This paper utilizes the Australian experience of federation, 1890–1901, as a vehicle for the discussion of the leading conceptions of federalism extant in the late nineteenth-century English-speaking world. In particular, the paper examines the federal theories of James Madison, James Bryce, Edward Freeman, Albert Dicey and John Burgess in the context of many others, and seeks to show that the idea of a ‘Commonwealth of commonwealths’, although controverted by contending theories, remained a central theme in late nineteenth-century conceptions of federalism.
Nicholas Aroney teaches constitutional law, comparative constitutional law and legal theory. He has published widely in these fields, including recent publications in University of Toronto Law Journal, The American Journal of Comparative Law, Law and Philosophy, Sydney Law Review and Melbourne University Law Review. He also speaks frequently at national and international conferences on these topics. Dr Aroney is the author of several books, including Freedom of Speech in the Constitution and The Constitution of a Federal Commonwealth: The Making and Meaning of the Australian Constitution, recently published by Cambridge University Press. He also recently edited a book entitled Restraining Elective Dictatorship: The Upper House Solution? published by University of Western Australia Press. He is currently working on three further books, The Jurisprudence of a Federal Commonwealth (Cambridge University Press), Shari’a in the West? (Oxford University Press) and Constitutional Federalism: Theory and Practice (Ashgate Press). Dr. Aroney came to the Law School in 1995 after working with a major national law firm and acting as a legal consultant in the field of building and construction law.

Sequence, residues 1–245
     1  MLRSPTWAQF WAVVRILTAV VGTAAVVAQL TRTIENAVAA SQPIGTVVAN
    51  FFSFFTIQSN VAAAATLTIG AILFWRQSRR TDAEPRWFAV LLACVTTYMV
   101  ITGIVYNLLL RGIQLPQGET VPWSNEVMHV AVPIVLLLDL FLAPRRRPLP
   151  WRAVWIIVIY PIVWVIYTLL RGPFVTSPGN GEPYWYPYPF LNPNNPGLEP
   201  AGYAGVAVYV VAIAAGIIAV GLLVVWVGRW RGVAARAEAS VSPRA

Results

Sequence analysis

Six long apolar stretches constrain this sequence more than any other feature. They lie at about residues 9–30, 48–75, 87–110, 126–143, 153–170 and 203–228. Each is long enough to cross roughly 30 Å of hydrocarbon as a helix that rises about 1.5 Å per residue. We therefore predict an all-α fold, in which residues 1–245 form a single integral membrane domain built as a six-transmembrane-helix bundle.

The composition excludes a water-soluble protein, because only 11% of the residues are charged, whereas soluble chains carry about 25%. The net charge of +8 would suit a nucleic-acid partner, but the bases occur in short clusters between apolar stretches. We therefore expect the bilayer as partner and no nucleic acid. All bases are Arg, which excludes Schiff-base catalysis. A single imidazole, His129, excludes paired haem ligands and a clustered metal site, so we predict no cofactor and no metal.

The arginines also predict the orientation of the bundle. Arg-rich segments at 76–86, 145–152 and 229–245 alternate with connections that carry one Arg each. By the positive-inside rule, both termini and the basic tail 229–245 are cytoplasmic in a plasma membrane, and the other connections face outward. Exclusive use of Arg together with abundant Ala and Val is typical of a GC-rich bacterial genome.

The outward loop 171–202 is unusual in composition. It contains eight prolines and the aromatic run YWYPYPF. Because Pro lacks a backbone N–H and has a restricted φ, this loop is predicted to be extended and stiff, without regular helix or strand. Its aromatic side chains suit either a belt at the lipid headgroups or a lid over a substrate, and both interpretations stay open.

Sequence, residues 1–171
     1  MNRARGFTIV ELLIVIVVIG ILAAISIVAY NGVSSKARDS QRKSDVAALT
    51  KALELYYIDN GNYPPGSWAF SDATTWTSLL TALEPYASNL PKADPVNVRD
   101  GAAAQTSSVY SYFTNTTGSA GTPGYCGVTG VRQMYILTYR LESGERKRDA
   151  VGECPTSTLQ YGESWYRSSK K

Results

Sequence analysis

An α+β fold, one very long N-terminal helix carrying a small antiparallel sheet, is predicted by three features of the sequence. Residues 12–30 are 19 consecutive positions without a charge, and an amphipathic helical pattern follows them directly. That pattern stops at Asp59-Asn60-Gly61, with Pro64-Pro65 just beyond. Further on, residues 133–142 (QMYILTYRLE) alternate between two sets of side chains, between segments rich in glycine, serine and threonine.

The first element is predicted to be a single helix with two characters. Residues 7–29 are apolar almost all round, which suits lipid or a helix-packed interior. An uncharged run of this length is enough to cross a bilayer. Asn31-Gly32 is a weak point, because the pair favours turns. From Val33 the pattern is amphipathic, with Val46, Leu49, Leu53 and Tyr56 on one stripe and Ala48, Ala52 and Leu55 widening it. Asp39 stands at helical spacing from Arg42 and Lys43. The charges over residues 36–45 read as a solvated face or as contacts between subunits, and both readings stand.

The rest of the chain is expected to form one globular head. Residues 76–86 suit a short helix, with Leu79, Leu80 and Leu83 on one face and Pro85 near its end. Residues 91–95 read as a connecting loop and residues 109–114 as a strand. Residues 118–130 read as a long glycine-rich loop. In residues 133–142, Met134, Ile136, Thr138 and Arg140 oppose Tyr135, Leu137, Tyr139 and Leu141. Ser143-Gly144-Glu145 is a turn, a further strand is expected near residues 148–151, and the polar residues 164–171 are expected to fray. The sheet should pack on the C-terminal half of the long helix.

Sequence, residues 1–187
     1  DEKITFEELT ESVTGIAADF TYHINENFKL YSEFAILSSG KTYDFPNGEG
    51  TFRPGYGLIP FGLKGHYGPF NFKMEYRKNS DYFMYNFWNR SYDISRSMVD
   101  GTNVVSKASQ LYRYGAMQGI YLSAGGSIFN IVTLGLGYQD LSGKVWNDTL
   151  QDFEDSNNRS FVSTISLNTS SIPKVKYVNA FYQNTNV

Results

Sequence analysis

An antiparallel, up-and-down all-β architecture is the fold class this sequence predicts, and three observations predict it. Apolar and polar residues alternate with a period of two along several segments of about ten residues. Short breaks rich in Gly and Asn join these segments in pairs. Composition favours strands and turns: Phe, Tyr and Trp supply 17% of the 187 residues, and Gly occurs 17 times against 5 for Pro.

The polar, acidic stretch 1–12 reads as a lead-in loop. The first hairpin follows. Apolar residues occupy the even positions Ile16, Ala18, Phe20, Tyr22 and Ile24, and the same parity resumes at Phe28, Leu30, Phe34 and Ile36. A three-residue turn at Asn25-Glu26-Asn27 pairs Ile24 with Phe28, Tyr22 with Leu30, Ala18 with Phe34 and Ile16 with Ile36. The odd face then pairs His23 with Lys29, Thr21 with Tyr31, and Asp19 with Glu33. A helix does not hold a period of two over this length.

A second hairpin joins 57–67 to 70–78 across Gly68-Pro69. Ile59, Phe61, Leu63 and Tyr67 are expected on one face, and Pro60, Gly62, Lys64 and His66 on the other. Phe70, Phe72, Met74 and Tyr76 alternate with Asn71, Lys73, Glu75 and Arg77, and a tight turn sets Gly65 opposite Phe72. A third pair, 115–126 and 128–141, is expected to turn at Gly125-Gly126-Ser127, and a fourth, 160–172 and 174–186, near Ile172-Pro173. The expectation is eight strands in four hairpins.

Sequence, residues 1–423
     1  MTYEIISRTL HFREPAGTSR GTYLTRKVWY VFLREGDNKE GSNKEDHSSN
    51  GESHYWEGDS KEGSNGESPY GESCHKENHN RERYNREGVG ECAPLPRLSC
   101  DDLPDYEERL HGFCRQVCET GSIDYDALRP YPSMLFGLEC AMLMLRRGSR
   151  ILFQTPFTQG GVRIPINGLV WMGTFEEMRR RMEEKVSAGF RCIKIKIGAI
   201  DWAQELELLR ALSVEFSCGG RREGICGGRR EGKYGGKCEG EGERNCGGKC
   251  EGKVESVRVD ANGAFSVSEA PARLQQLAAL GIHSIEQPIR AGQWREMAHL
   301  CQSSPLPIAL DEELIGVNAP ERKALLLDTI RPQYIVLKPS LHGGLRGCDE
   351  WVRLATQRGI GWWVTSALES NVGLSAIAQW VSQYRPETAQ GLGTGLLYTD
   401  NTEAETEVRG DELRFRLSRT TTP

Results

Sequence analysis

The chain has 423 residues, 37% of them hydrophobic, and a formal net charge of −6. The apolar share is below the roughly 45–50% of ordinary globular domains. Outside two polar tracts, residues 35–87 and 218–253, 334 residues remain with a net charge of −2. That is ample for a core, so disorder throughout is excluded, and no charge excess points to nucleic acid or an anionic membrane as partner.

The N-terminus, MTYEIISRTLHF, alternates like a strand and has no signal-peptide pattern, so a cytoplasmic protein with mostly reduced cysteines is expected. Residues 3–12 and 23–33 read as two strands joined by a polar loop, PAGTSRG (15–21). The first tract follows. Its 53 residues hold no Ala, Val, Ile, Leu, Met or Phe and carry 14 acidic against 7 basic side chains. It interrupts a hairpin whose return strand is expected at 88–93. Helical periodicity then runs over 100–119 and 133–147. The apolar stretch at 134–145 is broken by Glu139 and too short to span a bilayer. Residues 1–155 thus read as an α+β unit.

A light lunch will be provided.
Feb 9, 2010